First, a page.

In this age of relentless globalisation, certain groups of people are routinely disenfranchised due to gender, ethnicity, nationality and social class. In this context, it’s helpful to consider the role translation plays in all of this, and whether it can ever help to empower the disenfranchised – or only serve to increase their vulnerability.
The controversial translation theorist Lawrence Venuti has argued insistently that fluent translations frequently perpetuate socio-political inequalities. In his view, translation is not an innocuous activity that facilitates communication – it can entrench inequality by bolstering the supremacy of dominant cultures.
Recent research has started to explore these complex issues. The translation scholar Israel Hephzibah focuses on English translations of Tamil literature produced by members of the so-called “untouchable” Dalit communities in India. These translations inevitably destabilise the traditional caste system by conferring literary credibility on the writings of a severely marginalised group. Such cases suggest that translation can become aligned with social justice.
But the fraught issue of endangered languages and cultures complicates the picture. UNESCO has estimated that 50-90% of the world’s languages will have become extinct by the year 2100.
It has been recognised for some time now that translations of indigenous texts (whether oral or written) can hasten language erosion in communities where there are few surviving native speakers. In contrast, translations into the endangered tongues can help to strengthen those languages.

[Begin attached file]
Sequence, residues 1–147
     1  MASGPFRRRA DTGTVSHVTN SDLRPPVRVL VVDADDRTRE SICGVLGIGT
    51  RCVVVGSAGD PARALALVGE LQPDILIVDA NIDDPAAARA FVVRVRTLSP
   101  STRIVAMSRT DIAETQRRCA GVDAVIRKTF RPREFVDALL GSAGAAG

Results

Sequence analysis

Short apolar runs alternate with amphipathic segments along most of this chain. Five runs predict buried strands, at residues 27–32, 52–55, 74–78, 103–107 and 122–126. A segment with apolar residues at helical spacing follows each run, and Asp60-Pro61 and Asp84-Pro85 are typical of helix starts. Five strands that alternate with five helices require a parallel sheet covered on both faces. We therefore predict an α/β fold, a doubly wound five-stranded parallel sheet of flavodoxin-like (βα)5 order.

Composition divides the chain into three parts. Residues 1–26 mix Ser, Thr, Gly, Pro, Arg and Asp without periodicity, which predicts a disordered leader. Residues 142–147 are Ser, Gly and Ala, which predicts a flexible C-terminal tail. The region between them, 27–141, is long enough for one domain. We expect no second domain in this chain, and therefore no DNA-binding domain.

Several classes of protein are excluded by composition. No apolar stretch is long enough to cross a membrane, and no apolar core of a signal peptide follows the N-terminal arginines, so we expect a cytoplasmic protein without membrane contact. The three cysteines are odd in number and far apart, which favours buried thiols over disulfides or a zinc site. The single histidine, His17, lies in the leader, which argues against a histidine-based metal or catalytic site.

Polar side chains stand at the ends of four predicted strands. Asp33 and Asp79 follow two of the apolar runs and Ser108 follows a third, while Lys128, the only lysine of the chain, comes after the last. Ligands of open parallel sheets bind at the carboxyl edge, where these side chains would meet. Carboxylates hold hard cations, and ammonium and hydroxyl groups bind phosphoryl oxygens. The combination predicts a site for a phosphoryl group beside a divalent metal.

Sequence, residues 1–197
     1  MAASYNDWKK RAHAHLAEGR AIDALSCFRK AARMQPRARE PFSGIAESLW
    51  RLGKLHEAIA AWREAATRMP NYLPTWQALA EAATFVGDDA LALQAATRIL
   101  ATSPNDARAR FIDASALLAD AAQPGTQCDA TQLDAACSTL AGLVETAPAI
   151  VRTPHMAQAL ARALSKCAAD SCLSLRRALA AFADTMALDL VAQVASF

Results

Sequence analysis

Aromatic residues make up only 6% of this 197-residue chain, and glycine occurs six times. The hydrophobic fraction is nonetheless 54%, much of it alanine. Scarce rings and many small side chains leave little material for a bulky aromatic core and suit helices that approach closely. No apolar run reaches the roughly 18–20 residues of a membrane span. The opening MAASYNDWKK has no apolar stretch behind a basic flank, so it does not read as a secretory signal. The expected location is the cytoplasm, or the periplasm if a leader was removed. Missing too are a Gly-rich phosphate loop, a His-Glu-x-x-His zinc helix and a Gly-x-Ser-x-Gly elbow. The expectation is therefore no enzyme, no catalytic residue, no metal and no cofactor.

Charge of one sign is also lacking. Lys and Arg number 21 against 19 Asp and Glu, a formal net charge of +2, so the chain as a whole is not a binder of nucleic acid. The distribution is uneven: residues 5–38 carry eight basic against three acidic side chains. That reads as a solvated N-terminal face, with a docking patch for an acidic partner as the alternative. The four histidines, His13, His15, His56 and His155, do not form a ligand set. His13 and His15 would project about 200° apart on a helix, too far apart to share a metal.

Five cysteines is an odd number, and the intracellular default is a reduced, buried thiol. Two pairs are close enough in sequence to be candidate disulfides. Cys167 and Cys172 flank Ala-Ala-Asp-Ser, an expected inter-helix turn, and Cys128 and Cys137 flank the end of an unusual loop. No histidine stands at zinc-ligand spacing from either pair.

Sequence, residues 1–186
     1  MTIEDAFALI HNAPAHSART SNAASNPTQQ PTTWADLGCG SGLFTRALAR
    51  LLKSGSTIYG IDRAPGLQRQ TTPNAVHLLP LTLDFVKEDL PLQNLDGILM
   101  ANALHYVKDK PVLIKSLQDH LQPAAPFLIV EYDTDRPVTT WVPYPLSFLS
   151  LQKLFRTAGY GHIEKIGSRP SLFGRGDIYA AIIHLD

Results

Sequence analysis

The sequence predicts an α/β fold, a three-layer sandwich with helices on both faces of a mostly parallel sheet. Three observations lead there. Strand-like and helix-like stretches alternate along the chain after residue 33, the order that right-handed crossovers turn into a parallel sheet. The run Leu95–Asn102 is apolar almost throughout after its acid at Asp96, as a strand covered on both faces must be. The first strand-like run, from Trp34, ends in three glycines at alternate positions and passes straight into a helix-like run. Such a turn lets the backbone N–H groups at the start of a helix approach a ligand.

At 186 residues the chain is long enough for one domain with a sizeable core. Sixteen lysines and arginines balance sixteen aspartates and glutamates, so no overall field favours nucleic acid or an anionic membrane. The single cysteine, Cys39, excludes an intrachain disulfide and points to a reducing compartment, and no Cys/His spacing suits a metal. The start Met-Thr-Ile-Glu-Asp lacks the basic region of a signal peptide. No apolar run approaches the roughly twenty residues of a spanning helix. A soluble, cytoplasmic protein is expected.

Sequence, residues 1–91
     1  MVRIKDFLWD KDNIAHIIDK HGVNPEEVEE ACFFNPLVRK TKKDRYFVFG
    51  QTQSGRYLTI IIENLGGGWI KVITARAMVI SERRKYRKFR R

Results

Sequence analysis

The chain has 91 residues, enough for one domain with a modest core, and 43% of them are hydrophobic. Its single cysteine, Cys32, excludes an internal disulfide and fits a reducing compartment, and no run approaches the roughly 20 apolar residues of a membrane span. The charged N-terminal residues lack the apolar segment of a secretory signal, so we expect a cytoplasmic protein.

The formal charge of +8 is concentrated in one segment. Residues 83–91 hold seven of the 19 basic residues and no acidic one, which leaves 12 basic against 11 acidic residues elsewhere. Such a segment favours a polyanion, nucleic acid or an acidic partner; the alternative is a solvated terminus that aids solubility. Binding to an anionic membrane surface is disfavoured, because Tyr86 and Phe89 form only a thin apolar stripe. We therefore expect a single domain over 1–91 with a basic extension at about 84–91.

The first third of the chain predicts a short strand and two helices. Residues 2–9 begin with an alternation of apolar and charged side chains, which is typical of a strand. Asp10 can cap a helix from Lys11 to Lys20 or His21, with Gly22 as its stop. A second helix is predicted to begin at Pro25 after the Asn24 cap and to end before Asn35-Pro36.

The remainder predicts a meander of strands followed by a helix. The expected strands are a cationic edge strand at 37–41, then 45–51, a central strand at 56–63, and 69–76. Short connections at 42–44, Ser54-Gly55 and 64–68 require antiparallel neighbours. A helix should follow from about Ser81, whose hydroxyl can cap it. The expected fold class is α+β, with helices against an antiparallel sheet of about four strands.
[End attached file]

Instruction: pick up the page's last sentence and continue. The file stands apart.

On the whole, we seem to care less about vanishing languages than we do about endangered species – especially cuddly ones. When the last giant panda finally goes to the great bamboo grove in the sky, there will undoubtedly be prolonged global lamentation. But the Native American Klallam language expired on February 4 2014, when Hazel Sampson (its last speaker) died. Few news organisations felt its passing merited more than a cursory mention.
And even some translation theorists are sceptical. Emily Apter declared bluntly that she has “real reservations” about mingling translation studies and linguistic ecology – the study of how languages interact with their environment. Apter is concerned that the exoticising of expressions by native-speakers and other distinctive characteristics of a language risks imposing a fixed grammar where a natural variation should instead be allowed to prevail.
There are many different kinds of periphery in the modern world, and life close to them can be difficult, even precarious. But languages are spoken there too. They may not be the same languages as those uttered closer to the “centre” of things, but that does not invalidate them.